Third In MuseScore 3 capoing, as with a physical capo device, is emulated with a Staff Text object>Staff Text properties>Capo Settings>Capo. (It's buried pretty deep in MS3, right?)

Importing MS3 scores into MuseScore 4

MuseScore 4 now has a dedicated Guitar Palette. And it handles capoing far better via its Guitar>Capo object—interestingly though, in the Properties panel, it appears to be just a Text object.

And after importing an MS3 score to MS3 it appear's that:

•  the MS3 Text Line (our makeshift Capotasto/Barre symbol) survives import and remains the same type of object.

• a MS 3 Staff Text with capo properties is converted to a MS4 Capo popup, and yet appears in the Properties panel as a Text object.

I hope I got most of this right ... and that it helps!

Here's a simple score for testing an import of a MS3 score to MS4:


In reply to by worldwideweary

It's late, and I'll have to think this through. But I don't think a Staff Text Line with Capo properties needs to affect anything in the tablature staff. The net result simply transposes the sound output without notational consequences, i.e. the notation works as it does for a transposing instrument, so there's nothing to change or restrict in the tablature.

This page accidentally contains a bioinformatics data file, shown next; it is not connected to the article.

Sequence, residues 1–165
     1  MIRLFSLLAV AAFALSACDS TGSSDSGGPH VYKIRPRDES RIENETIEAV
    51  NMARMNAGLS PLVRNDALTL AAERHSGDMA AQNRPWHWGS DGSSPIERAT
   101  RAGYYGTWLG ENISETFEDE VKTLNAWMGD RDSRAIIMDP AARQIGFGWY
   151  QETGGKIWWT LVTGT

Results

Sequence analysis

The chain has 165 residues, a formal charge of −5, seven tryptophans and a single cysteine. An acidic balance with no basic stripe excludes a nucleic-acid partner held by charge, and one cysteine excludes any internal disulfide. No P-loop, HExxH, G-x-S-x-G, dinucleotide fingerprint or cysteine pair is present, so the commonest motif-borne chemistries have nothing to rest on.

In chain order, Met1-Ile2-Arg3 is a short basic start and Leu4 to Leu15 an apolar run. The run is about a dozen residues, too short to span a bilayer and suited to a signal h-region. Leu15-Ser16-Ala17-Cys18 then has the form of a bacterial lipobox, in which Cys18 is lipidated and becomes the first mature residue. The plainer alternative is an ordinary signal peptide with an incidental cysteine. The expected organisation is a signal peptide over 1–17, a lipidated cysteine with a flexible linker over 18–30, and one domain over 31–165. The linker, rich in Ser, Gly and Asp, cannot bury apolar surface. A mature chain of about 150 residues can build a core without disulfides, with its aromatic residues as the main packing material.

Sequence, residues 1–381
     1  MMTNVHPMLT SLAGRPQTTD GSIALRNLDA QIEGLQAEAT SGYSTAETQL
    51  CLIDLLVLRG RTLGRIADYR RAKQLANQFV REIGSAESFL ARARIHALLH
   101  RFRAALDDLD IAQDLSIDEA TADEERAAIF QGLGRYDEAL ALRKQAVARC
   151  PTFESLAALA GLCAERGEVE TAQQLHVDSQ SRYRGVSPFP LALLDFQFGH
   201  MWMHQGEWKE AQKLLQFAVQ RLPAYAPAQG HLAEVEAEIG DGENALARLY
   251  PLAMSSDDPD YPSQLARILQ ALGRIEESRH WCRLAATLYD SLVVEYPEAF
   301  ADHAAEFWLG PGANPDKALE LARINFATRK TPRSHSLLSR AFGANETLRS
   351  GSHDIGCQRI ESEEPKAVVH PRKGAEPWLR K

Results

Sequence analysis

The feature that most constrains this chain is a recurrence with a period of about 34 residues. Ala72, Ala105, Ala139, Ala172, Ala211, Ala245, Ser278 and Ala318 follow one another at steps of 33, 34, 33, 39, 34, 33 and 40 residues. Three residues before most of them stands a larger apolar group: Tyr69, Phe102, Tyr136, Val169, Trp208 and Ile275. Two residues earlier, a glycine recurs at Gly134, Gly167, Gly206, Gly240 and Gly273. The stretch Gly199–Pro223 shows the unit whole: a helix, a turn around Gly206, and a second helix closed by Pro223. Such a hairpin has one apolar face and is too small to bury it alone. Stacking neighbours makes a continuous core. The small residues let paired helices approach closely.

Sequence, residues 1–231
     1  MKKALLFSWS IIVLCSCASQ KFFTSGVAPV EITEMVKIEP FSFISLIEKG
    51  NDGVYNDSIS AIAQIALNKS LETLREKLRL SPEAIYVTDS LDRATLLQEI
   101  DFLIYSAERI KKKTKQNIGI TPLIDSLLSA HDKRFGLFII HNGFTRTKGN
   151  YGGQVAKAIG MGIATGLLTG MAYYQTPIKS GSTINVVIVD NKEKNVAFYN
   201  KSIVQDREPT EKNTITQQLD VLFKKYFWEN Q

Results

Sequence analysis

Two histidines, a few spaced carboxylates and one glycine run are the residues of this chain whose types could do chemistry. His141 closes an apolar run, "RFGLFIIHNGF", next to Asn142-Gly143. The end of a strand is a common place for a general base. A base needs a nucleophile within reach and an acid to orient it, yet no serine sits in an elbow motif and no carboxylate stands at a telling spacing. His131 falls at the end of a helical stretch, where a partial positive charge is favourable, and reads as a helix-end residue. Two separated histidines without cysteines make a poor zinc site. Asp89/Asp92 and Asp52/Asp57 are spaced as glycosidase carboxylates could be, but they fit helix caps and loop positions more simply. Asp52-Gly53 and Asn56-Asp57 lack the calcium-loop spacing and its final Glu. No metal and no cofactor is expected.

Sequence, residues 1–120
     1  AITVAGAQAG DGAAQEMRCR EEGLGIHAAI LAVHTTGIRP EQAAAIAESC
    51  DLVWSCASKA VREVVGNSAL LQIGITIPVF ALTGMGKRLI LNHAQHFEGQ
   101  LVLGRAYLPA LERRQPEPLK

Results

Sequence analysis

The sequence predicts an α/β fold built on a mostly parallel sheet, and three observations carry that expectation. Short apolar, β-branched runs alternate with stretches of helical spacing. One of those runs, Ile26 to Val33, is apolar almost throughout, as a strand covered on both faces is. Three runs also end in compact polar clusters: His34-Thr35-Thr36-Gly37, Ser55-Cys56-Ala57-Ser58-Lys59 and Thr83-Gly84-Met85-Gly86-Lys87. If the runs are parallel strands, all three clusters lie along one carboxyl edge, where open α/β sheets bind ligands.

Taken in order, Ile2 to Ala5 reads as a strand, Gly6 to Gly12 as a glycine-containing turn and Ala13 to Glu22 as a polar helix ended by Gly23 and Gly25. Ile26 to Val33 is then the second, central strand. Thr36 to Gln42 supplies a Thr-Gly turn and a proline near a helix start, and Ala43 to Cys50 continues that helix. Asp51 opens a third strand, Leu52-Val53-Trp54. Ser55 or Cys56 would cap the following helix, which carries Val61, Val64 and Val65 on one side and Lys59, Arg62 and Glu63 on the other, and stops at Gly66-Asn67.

As accomplished, the String Number fix you've imparted is much welcomed.
And so too allowing the Capo/Barre construct to affect linked tablature ... once the internals allow that.

Thanks for all this!


In reply to by scorster

Oh man, didn't know that it transposed the instrument. Personally, I find that weird. Are you saying, for instance, that if a person puts a capo on fret 3, then plays at the 12th fret (double dotted position on guitar), that that's considered in reality the sound of the quote-unquote 15th fret, and to get the original fret 12 the guitarist would play fret 9? I would never have thought like that when I used to play, but then again I was never professionally trained. It just meant for me that playing below the 3rd fret is impossible, and that "open" means "fret 3" without requiring a fretting hand, however the instrument be tuned. To see a tab position @ "fret 2" with an instruction for a capo at fret 3 beforehand would seem absurd to me.

In reply to by worldwideweary

I've updated the test score I attached here.

It now has three Capo settings. At each capo setting you can hear the transposition applied to the sound output. For instance:

• at capo 3 the sound output is a minor 3rd higher than the written 8vb pitch.

• at Capo 5 the sound output is a perfect 4th higher than the written 8vb pitch.

Note that the Capo setting emulates the placement of a physical capo on the guitar. Concert pitch button has no effect, because there's no Transposition in Staff properties. It appears that the transposition is handled internally and non transparently.


In reply to by scorster

For ease of access, here's a screenshot of the above mscz:


The sounds change, but nothing visual changes, so practically speaking as it is, the capo text functions as like a "moveable" transpositioning element, which is kind of neat.